We went on to the 'smart fields' where experiments with corn and various grasses are carried out. The dairy is self maintaining with few supplemental needs.
Everything grown here ( photo / image / picture from Jerry Sullivan's Garden )
The nursery was next with some new born heifers. The guide announced that farmer Brown was in the building and was checking the equipment.
Heifers ( photo / image / picture from Jerry Sullivan's Garden )
The Pied Piper led us back to the barn and the robot that couldn't.
Farmer Brown to the rescue ( photo / image / picture from Jerry Sullivan's Garden )
It's all in the software ( photo / image / picture from Jerry Sullivan's Garden )
The robot is ready ( photo / image / picture from Jerry Sullivan's Garden )
Inside the farmer explained that after the milk was loaded on to the tanker the robot waited 1 1/2 hours. Cleaning proceeders necessitated the delay.
Farmer Brown (Duffy) explains the process ( photo / image / picture from Jerry Sullivan's Garden )
Milking steps ( photo / image / picture from Jerry Sullivan's Garden )
With the machine back in operational mode, bossy #832 was allowed to enter the milking stall where her information was recorded and the machine cleaned each nipple before attaching the hose.
The robot attaches the hoses ( photo / image / picture from Jerry Sullivan's Garden )
1,2,3,4 ( photo / image / picture from Jerry Sullivan's Garden )
Last hose ( photo / image / picture from Jerry Sullivan's Garden )
When all the hoses were attached the pumps began and in consort, bossy received a treat of grain till the process was finished.
Ready to milk ( photo / image / picture from Jerry Sullivan's Garden )
The machine reversed the order, removing the hoses and again going through the cleaning process. then the automatic control gate opened allowing #832 to return to the barn. Another cow was waiting and the process was again repeated.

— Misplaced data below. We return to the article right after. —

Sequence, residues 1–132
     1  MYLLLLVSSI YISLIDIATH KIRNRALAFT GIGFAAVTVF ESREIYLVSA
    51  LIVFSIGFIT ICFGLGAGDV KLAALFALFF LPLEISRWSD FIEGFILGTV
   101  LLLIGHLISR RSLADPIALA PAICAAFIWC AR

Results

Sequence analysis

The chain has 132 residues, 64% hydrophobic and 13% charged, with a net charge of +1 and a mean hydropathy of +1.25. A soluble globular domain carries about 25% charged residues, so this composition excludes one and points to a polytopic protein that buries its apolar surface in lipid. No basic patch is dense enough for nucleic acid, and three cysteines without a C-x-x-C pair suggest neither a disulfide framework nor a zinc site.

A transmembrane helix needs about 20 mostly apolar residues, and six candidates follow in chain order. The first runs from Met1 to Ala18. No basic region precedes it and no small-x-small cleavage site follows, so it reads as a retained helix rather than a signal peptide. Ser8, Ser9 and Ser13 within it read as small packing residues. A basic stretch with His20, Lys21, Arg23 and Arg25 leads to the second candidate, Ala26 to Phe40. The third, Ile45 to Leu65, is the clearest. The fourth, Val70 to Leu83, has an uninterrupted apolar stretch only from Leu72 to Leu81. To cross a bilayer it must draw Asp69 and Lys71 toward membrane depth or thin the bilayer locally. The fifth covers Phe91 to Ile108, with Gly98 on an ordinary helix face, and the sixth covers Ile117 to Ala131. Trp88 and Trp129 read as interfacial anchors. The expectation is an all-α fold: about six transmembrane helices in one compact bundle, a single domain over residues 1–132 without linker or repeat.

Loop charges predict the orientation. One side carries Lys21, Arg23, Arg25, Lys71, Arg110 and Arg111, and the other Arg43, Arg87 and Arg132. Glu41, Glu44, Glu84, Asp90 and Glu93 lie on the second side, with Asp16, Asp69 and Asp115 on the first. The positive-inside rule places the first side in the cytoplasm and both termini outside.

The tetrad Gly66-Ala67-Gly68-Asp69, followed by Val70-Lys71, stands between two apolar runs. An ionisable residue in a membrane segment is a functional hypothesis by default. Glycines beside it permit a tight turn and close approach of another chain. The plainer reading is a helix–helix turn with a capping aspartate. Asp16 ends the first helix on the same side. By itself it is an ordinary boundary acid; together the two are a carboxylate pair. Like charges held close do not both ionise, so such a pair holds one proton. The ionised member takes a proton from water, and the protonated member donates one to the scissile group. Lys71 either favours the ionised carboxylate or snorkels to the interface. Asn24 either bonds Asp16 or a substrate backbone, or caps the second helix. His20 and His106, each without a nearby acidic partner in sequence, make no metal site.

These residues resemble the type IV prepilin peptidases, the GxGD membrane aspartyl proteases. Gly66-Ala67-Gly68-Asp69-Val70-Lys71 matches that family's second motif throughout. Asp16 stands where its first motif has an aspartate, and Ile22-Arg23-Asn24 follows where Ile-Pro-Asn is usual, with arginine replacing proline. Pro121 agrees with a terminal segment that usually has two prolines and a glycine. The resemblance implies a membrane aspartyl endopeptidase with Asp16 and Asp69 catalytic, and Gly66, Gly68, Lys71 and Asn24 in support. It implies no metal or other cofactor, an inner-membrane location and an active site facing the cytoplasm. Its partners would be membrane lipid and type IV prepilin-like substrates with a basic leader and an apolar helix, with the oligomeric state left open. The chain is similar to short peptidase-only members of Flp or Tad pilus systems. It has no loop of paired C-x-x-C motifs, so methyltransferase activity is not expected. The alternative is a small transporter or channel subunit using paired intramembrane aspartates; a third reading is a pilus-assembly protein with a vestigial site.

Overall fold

The machine milked 6000 pounds of milk a day from the herd. Farmer Brown(actually Farmer Duffy) answered questions and the group left with a better understanding of a totally automated milking system.
Small Dairy Barn ( photo / image / picture from Jerry Sullivan's Garden )
We then headed for the locally produced people treat...........ice cream! :-)
Last edited: Thu Jan 26, 2012 1:23 am
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The lighter side of Reality Chapter 2
Category: The back yard | Posted: Sat Sep 24, 2011 4:38 pm
The acorns were starting to drop from the old oak tree, the occasional thud as they landed could be heard in the tunnel home of Mr. C. Monk. The chipmunk could also hear digging not too far away and curiosity was getting the better of him. He chanced a quick peek from the safety of his tunnel entrance. The human was digging up a small bush, the little one near the big blue one. There was a box nearby, he read the label. His curiosity satisfied he quickly scampered back to his living room, the acorn lamps casting a warm glow. Just then, a knock at the door announced that Mr. Mouse was back from one of his tunnel explorations. "Welcome back Mr. Mouse, come in, come in, how was your trip?" Mr Monk inquired. Mr mouse entered and plopped himself down in the soft grass stuffed easy chair. "I found some new tunnels we have never explored" answered the mouse, thinking back to their explorations earlier in the summer. "Anything new here?" the mouse queried. "Yes" the chipmunk replied, "The human is digging up a bush and he is going to send it to Virginia." "Virginia,? How do you know that? Is that on the other side of the hill?" The mouse was noted for asking several questions without waiting for the answers. "Virginia is far away," the chipmunk said, adding,"I read the label."